2020 also included coverage of positive news in favelas not directly related to the coronavirus: Medium’s Level looked at the media revolution happening in Brazil’s favelas, the AP did a story on favela residents’ efforts to green their communities, and Al Jazeera covered a ballet project in Complexo do Alemão.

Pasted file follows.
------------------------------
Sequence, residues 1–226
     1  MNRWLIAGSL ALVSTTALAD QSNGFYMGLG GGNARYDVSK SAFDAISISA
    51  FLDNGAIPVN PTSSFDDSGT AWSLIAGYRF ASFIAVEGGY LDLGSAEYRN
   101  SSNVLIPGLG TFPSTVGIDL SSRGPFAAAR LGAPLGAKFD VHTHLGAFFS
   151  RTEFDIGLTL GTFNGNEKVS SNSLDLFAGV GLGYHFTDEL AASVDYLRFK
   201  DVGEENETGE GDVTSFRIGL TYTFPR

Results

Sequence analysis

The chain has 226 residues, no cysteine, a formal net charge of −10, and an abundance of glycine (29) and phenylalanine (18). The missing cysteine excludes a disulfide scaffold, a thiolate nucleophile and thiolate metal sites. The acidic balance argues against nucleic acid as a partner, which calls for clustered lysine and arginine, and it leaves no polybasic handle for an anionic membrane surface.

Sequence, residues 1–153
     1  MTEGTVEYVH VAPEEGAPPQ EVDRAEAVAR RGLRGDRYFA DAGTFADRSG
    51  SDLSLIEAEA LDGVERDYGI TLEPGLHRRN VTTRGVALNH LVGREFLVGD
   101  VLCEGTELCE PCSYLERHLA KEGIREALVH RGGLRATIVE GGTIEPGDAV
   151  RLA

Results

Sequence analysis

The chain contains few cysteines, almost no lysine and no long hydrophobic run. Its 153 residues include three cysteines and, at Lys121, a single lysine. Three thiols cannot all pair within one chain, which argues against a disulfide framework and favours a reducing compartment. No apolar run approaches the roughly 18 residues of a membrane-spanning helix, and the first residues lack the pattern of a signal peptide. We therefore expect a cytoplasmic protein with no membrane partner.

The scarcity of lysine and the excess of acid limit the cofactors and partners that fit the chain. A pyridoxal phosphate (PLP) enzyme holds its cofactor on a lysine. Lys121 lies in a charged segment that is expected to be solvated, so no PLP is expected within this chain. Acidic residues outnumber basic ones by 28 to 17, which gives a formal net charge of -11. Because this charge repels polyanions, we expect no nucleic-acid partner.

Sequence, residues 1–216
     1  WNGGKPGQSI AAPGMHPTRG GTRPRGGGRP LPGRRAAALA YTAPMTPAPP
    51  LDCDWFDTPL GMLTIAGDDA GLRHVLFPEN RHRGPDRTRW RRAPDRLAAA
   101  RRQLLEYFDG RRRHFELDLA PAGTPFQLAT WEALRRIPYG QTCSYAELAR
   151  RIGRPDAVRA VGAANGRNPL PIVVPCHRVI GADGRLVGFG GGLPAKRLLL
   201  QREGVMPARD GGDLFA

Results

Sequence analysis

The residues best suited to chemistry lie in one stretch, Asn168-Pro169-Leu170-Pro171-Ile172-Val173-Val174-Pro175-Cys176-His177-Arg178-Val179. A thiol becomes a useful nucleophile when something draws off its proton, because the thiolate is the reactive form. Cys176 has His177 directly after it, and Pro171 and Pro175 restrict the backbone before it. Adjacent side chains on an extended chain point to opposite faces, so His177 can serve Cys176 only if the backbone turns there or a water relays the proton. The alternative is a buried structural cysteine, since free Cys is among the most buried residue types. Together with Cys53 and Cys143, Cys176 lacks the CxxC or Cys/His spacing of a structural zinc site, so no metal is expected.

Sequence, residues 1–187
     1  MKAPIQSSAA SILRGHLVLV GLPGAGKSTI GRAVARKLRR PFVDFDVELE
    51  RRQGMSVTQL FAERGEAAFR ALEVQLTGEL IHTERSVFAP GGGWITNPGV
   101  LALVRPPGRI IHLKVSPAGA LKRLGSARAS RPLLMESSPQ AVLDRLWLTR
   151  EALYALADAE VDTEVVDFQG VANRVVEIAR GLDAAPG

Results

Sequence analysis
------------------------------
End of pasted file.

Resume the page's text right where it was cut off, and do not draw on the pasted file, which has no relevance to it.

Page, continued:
We also noted excellent coverage on wider socio-economic issues in Brazil in articles that did not center favelas, but deal with topics that are crucial to favela residents. These include a deep dive Economist piece on the Bolsonaro administration’s downsizing of Bolsa Família payments before the pandemic, a piece in National Geographic on the double bind faced by Brazil’s domestic workers during the pandemic, and a discussion in Americas Quarterly on why U.S. protests for racial justice resonate so deeply in Brazil. The Brazilian Report covered Brazilians’ difficulty of accessing the federal government’s R$600 (US$115) per month stipend.